For the first time in the last seven months, a variety of antiquities have been unearthed from a single quadrant at Keeladi, where the eighth phase of excavation is going on to establish the existence of an urban settlement older than the Sangam era.
An ivory gamesman, an iron knife, an antimony rod and a copper pendant were found in quadrant XM13/4 at a depth between 203cm and 215 cm, on Tuesday.
A thin antimony rod with a thickness of 0.4 cm was excavated in a weathered and corroded condition. The rod, with clear bulging on both ends, was bent on one side that measured 10.1 cm, while the straight part of the rod was 12.6 cm in length. It seems to have been used as a tool, said an Archaeological Officer.
An iron knife in rusted condition was another tool found at the site. Pointed at one end, it was relatively thicker and flat on the other and broken at the tail end. The knife was covered in hardened soil and incrustations.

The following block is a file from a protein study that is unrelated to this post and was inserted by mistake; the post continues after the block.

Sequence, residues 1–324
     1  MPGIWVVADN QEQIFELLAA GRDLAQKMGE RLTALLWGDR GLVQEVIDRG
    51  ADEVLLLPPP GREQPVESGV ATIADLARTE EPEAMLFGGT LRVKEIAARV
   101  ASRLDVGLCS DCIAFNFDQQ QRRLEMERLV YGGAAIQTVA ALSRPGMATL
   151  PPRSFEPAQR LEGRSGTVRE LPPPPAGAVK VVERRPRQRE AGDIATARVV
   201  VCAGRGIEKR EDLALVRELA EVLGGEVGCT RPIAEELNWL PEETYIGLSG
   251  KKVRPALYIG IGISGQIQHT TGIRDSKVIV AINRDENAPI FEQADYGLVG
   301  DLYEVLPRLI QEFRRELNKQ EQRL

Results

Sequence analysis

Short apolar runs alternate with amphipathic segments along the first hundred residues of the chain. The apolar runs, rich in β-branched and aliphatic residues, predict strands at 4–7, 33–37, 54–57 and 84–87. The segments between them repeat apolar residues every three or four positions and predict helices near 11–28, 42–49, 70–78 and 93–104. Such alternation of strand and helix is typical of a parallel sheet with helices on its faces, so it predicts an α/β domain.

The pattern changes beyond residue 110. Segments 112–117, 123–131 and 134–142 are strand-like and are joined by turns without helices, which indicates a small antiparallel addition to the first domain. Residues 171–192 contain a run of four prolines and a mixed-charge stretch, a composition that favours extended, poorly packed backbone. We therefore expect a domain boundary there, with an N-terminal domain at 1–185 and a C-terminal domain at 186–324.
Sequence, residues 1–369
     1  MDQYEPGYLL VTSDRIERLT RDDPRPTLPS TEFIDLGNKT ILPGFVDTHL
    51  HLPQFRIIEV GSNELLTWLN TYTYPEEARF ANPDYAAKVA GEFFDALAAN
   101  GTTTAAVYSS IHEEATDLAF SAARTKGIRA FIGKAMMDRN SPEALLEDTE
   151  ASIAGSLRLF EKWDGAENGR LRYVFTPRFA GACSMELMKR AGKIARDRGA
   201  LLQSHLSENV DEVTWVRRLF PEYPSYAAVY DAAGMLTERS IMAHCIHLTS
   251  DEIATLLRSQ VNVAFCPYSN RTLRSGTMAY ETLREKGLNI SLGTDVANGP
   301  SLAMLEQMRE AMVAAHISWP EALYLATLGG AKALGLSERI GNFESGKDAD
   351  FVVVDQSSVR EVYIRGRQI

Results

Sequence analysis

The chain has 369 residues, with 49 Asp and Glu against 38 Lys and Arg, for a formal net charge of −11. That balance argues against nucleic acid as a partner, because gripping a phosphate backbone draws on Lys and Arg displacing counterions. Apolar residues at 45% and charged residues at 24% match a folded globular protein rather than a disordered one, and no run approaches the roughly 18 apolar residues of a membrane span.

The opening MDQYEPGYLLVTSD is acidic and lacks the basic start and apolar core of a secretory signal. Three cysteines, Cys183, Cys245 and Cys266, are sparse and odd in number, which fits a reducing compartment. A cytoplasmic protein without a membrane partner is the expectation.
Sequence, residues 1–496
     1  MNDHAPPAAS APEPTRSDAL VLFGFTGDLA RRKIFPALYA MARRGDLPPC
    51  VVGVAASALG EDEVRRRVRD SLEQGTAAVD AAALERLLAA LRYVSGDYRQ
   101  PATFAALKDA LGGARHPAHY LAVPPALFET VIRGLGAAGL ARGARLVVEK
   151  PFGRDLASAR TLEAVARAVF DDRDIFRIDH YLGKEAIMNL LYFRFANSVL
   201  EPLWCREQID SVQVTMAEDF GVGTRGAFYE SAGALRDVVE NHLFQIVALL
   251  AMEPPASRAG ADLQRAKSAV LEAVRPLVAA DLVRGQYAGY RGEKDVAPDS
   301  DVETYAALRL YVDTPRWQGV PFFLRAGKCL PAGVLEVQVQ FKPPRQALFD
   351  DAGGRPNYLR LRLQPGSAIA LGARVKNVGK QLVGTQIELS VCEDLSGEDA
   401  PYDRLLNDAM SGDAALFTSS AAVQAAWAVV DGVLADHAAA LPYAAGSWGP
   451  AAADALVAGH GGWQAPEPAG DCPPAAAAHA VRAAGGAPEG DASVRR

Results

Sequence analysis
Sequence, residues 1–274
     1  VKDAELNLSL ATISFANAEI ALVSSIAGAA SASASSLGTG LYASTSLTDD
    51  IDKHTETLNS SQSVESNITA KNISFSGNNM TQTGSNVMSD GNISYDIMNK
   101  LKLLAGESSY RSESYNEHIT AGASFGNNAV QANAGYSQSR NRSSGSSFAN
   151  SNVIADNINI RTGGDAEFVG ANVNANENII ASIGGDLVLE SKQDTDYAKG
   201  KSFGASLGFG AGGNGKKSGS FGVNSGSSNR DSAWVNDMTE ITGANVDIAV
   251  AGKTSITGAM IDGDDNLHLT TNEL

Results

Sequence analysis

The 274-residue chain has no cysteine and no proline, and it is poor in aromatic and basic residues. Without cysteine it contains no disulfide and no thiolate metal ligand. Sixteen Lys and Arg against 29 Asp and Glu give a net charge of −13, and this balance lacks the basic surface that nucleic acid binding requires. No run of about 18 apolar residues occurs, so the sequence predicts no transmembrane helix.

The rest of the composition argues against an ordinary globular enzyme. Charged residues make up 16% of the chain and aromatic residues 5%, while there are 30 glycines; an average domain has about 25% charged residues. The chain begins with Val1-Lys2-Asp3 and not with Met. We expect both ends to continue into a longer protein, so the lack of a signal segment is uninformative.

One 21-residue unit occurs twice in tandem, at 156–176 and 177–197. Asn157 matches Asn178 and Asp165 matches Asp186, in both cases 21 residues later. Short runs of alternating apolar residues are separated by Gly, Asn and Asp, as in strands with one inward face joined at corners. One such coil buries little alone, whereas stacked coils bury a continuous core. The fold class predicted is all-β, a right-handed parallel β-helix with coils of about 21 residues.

At the bottom of the pit at 203 cm, was found a specimen of Gamesman made out of ivory. Cylindrical in shape with slightly concave lateral sides, the 2.5 cm tall object was finely burnished and had smooth texture on its surface. The top part of the gamesman was bulged like a dome, while the base was flat.
In the upper layer of the pit, at 215 cm, a rectangular shaped Copper pendant was embedded. Covered with compact clay and patina, the flat object was folded on one side with a provision for a hole that probably was to string with a twine.
The director of Keeladi excavations R.Sivanandam, said the findings – of tools and works of craftsmanship – point towards Keeladi as a flourishing trading hub. Retrieving a variety of objects of an ancient civilisation from the same quadrant on a single day was exciting enough for the staff engaged in digging operations at the site from February this year.